|Authors||Hutcheson KA, Hammer MJ, Rosen SP, Jones CA, McCulloch TM|
|Publish Date||2017 Jan 13|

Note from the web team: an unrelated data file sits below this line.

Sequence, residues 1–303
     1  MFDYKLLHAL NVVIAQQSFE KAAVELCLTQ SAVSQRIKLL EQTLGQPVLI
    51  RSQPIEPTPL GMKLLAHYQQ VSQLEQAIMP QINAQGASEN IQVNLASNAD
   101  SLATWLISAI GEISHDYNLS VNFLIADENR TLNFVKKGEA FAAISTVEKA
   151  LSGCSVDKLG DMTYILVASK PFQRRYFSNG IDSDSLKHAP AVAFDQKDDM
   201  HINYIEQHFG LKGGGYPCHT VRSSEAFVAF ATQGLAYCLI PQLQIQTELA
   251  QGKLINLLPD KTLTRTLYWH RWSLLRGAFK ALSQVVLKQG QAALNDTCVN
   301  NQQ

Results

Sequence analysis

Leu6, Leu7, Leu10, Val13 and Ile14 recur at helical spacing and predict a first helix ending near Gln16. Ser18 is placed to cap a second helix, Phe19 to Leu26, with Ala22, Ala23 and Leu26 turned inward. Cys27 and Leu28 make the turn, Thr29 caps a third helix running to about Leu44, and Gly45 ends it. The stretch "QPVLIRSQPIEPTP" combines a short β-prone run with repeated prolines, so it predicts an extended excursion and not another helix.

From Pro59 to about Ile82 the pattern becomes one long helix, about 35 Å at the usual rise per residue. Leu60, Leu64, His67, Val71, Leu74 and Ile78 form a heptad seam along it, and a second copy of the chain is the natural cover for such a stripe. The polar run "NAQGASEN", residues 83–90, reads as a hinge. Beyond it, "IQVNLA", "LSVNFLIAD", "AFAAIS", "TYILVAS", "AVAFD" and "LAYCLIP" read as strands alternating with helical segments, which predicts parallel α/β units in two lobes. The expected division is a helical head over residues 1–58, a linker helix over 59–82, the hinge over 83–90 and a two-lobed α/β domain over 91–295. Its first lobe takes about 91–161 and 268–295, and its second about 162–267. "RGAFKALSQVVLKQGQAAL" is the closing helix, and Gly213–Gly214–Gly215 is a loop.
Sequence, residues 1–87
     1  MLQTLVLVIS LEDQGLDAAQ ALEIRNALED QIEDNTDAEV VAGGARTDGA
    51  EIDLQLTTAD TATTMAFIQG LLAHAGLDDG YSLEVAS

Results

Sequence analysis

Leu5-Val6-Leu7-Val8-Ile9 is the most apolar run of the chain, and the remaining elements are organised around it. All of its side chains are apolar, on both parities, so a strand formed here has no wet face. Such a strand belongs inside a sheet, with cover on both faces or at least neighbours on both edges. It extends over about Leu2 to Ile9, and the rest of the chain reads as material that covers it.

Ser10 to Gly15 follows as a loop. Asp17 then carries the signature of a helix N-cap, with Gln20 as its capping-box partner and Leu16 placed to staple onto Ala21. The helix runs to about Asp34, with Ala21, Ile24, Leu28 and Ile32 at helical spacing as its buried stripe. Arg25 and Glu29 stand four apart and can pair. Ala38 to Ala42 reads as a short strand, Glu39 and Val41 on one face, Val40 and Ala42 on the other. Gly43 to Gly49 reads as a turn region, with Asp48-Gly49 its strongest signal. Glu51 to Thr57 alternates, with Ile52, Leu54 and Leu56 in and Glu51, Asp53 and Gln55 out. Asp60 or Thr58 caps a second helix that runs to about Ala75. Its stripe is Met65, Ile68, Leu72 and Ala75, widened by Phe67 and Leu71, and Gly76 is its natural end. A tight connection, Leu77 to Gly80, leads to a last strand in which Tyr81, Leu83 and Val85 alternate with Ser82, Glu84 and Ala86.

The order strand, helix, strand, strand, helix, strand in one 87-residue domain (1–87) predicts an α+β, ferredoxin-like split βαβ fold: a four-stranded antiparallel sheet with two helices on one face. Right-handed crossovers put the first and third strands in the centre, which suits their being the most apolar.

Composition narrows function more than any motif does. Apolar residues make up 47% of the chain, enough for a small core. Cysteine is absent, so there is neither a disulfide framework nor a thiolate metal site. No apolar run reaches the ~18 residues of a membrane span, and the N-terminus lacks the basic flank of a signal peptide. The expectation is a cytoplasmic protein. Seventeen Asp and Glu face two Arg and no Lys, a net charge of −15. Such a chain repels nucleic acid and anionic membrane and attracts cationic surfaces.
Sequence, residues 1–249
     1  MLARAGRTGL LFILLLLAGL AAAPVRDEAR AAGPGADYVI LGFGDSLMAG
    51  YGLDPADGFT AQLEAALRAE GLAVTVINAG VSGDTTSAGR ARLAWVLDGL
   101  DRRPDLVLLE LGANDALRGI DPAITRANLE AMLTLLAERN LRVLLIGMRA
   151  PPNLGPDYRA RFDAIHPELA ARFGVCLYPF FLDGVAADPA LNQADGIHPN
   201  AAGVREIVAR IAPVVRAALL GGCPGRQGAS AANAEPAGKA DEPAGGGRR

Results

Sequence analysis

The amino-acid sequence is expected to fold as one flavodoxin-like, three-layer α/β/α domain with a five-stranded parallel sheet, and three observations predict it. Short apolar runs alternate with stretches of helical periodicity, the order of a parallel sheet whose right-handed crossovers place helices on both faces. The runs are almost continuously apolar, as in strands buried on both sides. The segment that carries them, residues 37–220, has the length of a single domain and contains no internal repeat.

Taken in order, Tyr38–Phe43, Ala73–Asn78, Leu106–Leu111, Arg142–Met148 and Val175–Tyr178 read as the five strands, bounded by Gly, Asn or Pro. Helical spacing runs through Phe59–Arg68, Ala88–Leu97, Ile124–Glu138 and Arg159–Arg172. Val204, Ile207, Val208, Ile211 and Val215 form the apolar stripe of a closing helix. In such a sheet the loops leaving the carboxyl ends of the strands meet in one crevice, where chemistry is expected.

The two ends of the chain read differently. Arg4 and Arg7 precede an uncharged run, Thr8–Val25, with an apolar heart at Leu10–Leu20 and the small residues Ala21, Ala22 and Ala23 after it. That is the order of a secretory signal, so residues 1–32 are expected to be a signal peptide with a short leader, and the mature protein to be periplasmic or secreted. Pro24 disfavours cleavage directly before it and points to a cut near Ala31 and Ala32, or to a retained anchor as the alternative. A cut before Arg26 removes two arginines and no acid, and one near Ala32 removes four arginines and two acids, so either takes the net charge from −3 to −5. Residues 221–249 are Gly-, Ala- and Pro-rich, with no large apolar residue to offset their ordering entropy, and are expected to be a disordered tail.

To examine feasibility of a simultaneous high-resolution pharyngeal manometry (HRM) and electromyography (EMG) experimental paradigm to detect swallowing-related patterns of palatal, laryngeal, and pharyngeal muscle activity during expiratory training.Technical report.Simultaneous HRM, surface submental, and intramuscular EMG were acquired in two healthy participants during five tasks: 10-cc water swallow, maximum expiratory pressure (MEP) testing, and expiratory muscle strength training (EMST) at three pressure levels (sham, 50%, and 75% MEP).Experimental conditions were feasible. Velopharyngeal closing pressure, palate EMG activity, and pharyngeal EMG activity increased as expiratory load increased. In contrast, thyroarytenoid EMG activity was low during the expiratory task, consistent with glottic opening during exhalation. Submental EMG patterns were more variable during expiratory tasks. Intraluminal air pressures recorded with HRM were correlated with measured expiratory pressures and target valve-opening pressures of the EMST device.Results suggest that a simultaneous HRM/EMG/EMST paradigm may be used to detect previously unquantified swallowing-related muscle activity during EMST, particularly in the palate and pharynx. Our approach and initial findings will be helpful to guide future hypothesis-driven studies and may enable investigators to evaluate other muscle groups active during these tasks. Defining mechanisms of action is a critical next step toward refining therapeutic algorithms using EMST and other targeted treatments for populations with dysphagia and airway disorders.4. Laryngoscope, 2017.